They also took over 2000 yuan in cash from my husband's shirt pocket, claiming it was "funds for illegal activities." They took the three of us to Nanwei Police Station and separated us for interrogation. I was locked up in the office on the first floor and could hear someone being beaten upstairs. I wanted to go upstairs to see if they were beating my husband. The policeman watching me held me back, telling me that after the interrogation he would let me go.
After a while the police released me and the other female practitioner. I never saw my husband. When I opened the door to my home, it was a wreck. I felt so bad I couldn't stand it, so I closed the door and went to my friend's place. My husband was imprisoned at the police station.
Hearing that their son had been arrested again, my parents-in-law rushed to my place from their daughter's home in Daqing City. The three of us went back and forth between Nanwei Police Station, Dongfeng Police Department (now Jiadong Police Department), and the Municipal Police Department to demand a meeting with my husband, as well as the return of the money and property they illegally took from my home.
Sometimes I went to those police departments with my parents-in-law, sometimes they went by themselves. They were not afraid to say what they thought. My father-in-law was once a government official before his retirement, and he knows how the government treats common people. They said, “Nowadays the CCP is just like the bandits in the past. When they get into people's homes, they just steal.” Perhaps what they said hit a nerve, because the police were embarrassed. The police thought I was manipulating my parents-in-law, so they set out to arrest me.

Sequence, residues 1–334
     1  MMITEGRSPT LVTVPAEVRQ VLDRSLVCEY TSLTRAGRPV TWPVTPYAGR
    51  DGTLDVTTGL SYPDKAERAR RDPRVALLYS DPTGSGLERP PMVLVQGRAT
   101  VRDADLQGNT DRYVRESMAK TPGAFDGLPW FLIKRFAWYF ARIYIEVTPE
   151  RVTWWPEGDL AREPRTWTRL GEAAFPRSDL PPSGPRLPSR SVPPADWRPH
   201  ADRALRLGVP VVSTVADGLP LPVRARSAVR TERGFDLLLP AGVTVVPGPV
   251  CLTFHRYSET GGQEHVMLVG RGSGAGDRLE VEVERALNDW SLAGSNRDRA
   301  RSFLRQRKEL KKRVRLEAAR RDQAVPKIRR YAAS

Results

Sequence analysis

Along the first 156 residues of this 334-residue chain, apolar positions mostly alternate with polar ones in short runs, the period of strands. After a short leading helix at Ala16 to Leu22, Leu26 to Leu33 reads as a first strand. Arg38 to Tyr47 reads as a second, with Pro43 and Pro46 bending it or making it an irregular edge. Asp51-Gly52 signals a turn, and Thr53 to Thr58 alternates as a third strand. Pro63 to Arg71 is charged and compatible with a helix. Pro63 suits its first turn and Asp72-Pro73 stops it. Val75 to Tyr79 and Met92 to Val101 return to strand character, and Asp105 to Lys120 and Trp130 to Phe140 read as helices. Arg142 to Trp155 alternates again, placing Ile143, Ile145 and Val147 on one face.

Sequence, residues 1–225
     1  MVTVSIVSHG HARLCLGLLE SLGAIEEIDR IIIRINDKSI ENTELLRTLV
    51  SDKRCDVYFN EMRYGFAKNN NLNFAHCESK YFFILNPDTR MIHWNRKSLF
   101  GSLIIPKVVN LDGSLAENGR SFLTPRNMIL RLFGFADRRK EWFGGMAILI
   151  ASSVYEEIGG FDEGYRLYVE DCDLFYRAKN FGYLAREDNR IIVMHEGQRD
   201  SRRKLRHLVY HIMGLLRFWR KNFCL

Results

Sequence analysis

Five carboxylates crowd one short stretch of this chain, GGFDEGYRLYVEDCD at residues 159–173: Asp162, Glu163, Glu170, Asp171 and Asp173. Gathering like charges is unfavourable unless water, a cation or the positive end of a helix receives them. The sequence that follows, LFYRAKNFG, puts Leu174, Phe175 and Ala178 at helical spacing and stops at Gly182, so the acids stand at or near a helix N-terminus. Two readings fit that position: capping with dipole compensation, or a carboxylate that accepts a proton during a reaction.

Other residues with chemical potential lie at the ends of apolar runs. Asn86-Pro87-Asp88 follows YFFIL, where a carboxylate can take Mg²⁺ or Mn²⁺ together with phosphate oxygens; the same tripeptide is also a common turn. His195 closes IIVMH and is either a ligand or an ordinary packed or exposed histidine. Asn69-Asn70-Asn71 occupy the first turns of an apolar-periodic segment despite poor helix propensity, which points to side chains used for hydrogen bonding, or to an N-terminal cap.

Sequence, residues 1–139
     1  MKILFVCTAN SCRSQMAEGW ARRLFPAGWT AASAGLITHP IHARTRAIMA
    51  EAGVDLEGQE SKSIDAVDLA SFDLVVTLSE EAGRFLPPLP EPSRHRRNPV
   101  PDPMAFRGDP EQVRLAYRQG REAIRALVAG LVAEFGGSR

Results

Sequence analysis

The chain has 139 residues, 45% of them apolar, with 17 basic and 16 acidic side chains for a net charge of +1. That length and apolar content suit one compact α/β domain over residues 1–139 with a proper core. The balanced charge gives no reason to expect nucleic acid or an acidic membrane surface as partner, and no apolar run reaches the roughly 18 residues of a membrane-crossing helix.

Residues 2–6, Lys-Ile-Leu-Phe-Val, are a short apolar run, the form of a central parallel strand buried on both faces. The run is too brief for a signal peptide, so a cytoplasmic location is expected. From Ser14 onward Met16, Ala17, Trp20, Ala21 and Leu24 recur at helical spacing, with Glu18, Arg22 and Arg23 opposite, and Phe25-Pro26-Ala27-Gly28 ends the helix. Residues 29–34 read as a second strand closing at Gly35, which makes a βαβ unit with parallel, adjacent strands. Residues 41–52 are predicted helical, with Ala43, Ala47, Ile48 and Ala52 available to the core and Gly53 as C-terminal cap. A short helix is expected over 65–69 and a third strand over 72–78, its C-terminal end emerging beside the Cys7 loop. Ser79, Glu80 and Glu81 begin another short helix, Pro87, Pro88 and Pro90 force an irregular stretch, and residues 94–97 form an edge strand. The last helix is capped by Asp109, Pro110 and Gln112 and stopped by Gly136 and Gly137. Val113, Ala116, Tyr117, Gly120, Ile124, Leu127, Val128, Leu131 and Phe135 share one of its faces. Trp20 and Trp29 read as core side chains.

Hounded by the police, I became homeless
Around the May 1st holiday, several police officers drove a jeep to my home and surrounded it. They pounded on the door and started to pry it open when I didn't open it for them. My father-in-law took a cutting knife, stood at the door, and said to them, “I will slash whoever dares come in.” Seeing that my father-in-law was serious, the police dared not pound on the door anymore. They tried to persuade my father-in-law, saying that they were not coming to arrest me but to just see whether I was at home and wanted to talk with me. My father-in-law berated them.
All the commotion upset my mother-in-law, and her heart disease relapsed. Even now if she hears a loud knocking on the door she trembles. My parents-in-law were both old and not in good health. After this incident they were frightened and could not eat or sleep. Even after taking medicine my mother-in-law's condition didn't improve.
Residents in the building saw what went on and said, “Nowadays the police do not do good things--they just know to arrest good people.” Some neighbours tipped off my father-in-law, telling him not to let me out as those police hadn't left. Since we didn't open the door, the police were concerned their image might be tainted and the residents might hold grudges against them if they continued to pound on and try to open the door, but they didn't want to return empty handed, so they hung around my building. My parents-in-law and I were very worried and spent a sleepless night.
The next morning a good neighbor told my father-in-law the police had gone and that I should hurry up and leave. Maybe the police realized the next day was May 8th and I would go back to work after the week long holiday, so they thought they could arrest me at work. My father-in-law called a taxi for me and I left home under our neighbours' watch and started my homeless days.
Fortunately for me, another practitioner assisted me with accommodation when I was homeless. However, to avoid the police I frequently changed addresses and worried all day that they might come to get me. I also worried about my husband, who was imprisoned in the detention centre.
My parents-in-law suffer